drives guineans: After a de-facto amnesty on deportations between 2013 and 2016, requests for asylum by Guineans have been refused en masse since December, according to Rabble. According to the Refugee and Immigration Board, 10 Guineans in Canada have had their asylum rejected since June 30. The protesters called on Prime Minister Justin Trudeau to live up to his Welcome to Canada rhetoric and allow asylum seekers from the small West African nation to stay. Sixty-three claimants from the impoverished country are currently pending. Certainly, in a number of ways, this country has contributed to the impoverishment that drives Guineans to seek a better life elsewhere.A handful of Canadian mining companies operate in the small West African nation and to strengthen their hand Ottawa signed a Foreign Investment and Protection Agreement with Guinea in 2015. Rally organizers cited corporate Canada's exploitation of the mineral rich nation as a rationale for why asylum seekers should be allowed to stay. (www.immigrantscanada.com). As reported in the news.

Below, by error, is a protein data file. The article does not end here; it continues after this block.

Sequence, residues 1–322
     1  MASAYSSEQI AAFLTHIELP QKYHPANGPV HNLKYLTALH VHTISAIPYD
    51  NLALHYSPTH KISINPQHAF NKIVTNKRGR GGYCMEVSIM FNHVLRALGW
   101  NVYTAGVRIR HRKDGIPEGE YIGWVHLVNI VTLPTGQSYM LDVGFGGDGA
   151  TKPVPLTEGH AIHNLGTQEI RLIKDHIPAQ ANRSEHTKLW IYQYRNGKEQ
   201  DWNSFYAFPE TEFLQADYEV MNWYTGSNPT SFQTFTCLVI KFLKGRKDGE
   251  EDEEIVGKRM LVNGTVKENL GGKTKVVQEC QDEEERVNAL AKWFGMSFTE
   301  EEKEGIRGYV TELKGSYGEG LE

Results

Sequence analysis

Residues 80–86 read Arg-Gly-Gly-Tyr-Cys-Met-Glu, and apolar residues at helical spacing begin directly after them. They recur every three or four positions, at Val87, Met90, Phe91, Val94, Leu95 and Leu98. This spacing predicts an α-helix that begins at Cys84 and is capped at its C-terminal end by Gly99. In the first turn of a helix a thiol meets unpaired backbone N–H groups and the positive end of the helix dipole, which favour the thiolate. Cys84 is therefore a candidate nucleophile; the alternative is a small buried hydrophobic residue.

immigrants: In the late 80s and 90s, developers built indoor malls in Metro Vancouver's growing suburbs with the region's influx of East Asian immigrants in mind, according to Metro News. Richmond has the most, with malls like Yaohan, Parker Place and Aberdeen Centre, named after a Hong Kong area. The destination every possible Asian mall, said Yu. For about three decades, the malls, filled with mostly mom-and-pops, supplied the local diaspora with what they're used to from overseas. These malls offer immigrants like Yu's mother an easier time transitioning to life in Canada, from overseas goods to the ability to speak in their mother tongue.A favourite of immigrants and locals alike are the mall's diverse food courts, with everything from Shanghai soup buns to Xinjiang skewers. You'll find stalls scooping rice and noodles out of vats for homemakers and parties, mountains of East Asian soaps and films on DVD and surprises like pig roasting, music schools and a Chinese Christian centre.A go-to place for Yu's mother was a store in Burnaby's Crystal Mall that sold ginseng and tofu. function set Cookie related path / ; Related Urbanite finds success growing organic choy for Vancouver market Vancouver Chinatown's cultural food businesses struggle to survive report Character homes, Chinatown top list of most endangered Vancouver heritage The owners always remembered her, said Yu. (www.immigrantscanada.com). As reported in the news.